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Hollywood stars headed to Osage County in ‘Killers of the Flower Moon’ adaptation

Hollywood stars will once again be walking the streets of Osage County.

According to reports in an online article that ran on July 14 by Variety, legendary director Martin Scorsese and Leonardo DiCaprio are developing a film-adaption of David Grann’s New York Times Best Seller “Killers of the Flower Moon: The Osage Murders and the Birth of the FBI.”

“Flower Moon” takes place during the 1920’s oil boom on the Osage Reservation as the Bureau of Investigation (now the FBI) takes up its first case to solve the murders happening to Osage shareholders of the Osage Mineral Estate. The book follows the murders of Mollie Burkhart’s family and the outcome of the investigation. Burkhart, a full-blood Osage woman married to a white man, helplessly stands by as one after the other her two full blood sisters, their families, and her mother are all murdered for their headright shares.

William Hale, a well-known murderer to Osages everywhere and the orchestrator of the murder of Mollie’s family, is prominently featured in the book as Tom White hunts him and his murderous nephews down in a whodunnit page turner. Grann is very careful to detail the many complicit non-Indians who stood by as hundreds of Osages were murdered.

The book doesn’t stop with the solving of the case and the formation of the FBI but instead ends with Grann’s touching and poignant interviews with the grandchildren of those murdered Osage – featuring Margie Burkhart, Osage Nation Trial Court Chief Judge Marvin Stepson, Mary Jo Webb and Kathryn Red Corn.

The rights to “Flower Moon” were bought for $5 million by Imperative and Oscar-winning screenwriter Eric Roth (Forrest Gump, The Curious Case of Benjamin Button) is drafting a script, according to Variety. The film is expected to begin production in September after Scorsese is finished filming The Irishman.

According to Variety, John Atwood, Imperative’s chief financial officer, is currently conducting preliminary research for the film. It is not yet known where the film will be shot. The murders detailed in the book take place in Fairfax. The trials take place in Pawhuska and Guthrie, and there is a lengthy back story of Tom White’s life in Texas.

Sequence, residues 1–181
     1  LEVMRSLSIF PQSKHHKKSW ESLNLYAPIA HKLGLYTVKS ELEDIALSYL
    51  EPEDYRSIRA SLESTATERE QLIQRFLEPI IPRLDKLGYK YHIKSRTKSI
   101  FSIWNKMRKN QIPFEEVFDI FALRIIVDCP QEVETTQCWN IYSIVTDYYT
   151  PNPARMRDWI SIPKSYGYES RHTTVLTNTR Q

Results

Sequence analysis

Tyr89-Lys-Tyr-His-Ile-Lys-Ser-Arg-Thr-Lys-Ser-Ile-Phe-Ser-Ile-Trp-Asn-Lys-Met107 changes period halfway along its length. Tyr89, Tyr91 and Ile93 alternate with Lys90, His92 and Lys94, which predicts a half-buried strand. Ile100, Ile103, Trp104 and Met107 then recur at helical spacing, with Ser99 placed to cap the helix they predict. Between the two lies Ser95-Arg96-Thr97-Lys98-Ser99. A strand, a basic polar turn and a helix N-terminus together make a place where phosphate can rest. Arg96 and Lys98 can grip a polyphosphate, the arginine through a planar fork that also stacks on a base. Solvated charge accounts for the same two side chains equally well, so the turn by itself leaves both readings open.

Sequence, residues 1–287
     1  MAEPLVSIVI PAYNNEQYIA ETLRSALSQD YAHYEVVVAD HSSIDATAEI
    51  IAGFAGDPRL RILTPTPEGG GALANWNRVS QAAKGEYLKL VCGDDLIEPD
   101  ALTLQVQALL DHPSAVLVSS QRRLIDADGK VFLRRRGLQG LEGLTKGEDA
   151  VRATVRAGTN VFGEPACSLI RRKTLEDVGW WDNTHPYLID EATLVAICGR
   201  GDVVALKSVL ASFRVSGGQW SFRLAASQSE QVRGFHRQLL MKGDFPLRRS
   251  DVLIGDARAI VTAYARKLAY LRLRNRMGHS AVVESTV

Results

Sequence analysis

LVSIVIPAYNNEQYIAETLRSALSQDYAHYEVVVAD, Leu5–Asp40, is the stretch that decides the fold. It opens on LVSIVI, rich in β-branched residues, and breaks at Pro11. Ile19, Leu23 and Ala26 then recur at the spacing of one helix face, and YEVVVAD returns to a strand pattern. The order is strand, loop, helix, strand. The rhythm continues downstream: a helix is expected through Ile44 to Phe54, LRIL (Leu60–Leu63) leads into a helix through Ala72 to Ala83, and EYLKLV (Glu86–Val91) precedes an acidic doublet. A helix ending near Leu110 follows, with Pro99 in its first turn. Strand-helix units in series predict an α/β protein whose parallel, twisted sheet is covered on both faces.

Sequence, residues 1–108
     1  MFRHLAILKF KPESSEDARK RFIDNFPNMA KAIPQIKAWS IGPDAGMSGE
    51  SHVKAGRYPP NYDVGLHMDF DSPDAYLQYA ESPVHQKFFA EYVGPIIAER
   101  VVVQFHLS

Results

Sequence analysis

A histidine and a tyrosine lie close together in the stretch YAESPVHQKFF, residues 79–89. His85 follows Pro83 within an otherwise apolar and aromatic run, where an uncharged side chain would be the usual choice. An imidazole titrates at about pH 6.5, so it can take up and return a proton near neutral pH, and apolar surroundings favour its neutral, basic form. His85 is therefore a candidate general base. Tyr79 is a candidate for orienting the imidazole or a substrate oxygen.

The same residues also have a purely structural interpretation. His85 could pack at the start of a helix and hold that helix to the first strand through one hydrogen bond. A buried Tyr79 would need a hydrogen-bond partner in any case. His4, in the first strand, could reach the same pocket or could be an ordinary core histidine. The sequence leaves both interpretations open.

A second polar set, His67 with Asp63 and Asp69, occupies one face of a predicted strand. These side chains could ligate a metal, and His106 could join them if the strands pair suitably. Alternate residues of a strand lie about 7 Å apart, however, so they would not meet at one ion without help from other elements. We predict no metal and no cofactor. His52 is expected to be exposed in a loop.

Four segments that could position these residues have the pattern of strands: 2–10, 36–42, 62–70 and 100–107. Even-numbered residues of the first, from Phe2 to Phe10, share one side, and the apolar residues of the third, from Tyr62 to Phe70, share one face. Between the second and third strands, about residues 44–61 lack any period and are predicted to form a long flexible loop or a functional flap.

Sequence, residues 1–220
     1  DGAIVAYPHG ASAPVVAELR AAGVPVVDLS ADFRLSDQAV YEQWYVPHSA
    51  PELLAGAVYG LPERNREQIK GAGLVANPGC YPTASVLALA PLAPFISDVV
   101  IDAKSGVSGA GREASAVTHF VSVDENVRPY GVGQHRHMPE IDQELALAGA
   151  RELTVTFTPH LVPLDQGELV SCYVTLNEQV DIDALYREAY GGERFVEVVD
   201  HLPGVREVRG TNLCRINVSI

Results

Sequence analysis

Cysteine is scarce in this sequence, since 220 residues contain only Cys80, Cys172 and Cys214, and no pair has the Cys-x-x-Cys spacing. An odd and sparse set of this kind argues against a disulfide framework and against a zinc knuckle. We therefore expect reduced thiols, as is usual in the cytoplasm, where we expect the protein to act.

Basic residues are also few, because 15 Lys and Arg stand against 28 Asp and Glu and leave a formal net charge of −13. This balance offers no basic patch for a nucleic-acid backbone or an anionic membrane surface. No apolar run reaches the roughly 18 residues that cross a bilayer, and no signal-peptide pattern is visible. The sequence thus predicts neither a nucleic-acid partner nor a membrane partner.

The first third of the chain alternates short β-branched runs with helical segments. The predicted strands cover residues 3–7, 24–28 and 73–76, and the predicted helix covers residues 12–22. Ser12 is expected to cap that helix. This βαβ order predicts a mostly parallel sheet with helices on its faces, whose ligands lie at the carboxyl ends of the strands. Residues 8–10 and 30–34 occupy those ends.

Grann, a writer for The New Yorker and the New York Times Best Seller “The Lost City of Z” which was made into a feature film and debuted this summer, has visited Osage County numerous times for book signings and readings.

Osage County has been host to Hollywood stars before. In 2010, Terrence Malick filmed “To the Wonder” in and around Pawhuska, starring Ben Affleck, Rachel McAdams, Rachel Weisz, Javier Barden and Olga Kurylenko. In 2012, the George Clooney-produced “August: Osage County” was filmed in and around Pawhuska, starring Meryl Streep, Julia Roberts, Ewan McGregor, Juliette Lewis, Dermot Mulroney, Chris Cooper and Benedict Cumberbatch.

Tourists are a mainstay for Pawhuska residents as people from across the United States flock to Pawhuska to visit The Mercantile, the popular restaurant, and store owned by Ree Drummond of The Pioneer Woman fame.


By

Shannon Shaw Duty


Original Publish Date: 2017-07-18 00:00:00

Author

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Shannon Shaw Duty
Shannon Shaw Dutyhttps://osagenews.org

Title: Editor

Email: sshaw@osagenation-nsn.gov

Twitter: @dutyshaw

Topic Expertise: Columnist, Culture, Community

Languages spoken: English, Osage (intermediate), Spanish (beginner)

Shannon Shaw Duty, Osage from the Grayhorse District, is the editor of the award-winning Osage News, the official independent media of the Osage Nation. She is a graduate of the University of Oklahoma with a bachelor’s degree in Journalism and a master’s degree in Legal Studies with an emphasis in Indigenous Peoples Law. She currently sits on the Freedom of Information Committee for the Society of Professional Journalists. She has served as a board member for LION Publishers, as Vice President for the Pawhuska Public Schools Board of Education, on the Board of Directors for the Native American Journalists Association (now Indigenous Journalists Association) and served as a board member and Chairwoman for the Pawhuska Johnson O’Malley Parent Committee. She is a Chips Quinn Scholar, a former instructor for the Freedom Forum’s Native American Journalism Career Conference and the Freedom Forum’s American Indian Journalism Institute. She is a former reporter for The Santa Fe New Mexican. She is a 2012 recipient of the Native American 40 Under 40 from the National Center for American Indian Enterprise Development. In 2014 she helped lead the Osage News to receive NAJA's Elias Boudinot Free Press Award. The Osage News won Best Newspaper from the SPJ-Oklahoma Chapter in their division 2018-2022. Her award-winning work has been published in Indian Country Today, The Washington Post, the Center for Public Integrity, NPR, the Associated Press, Tulsa World and others. She currently resides in Pawhuska, Okla., with her husband and together they share six children, two dogs and two cats.
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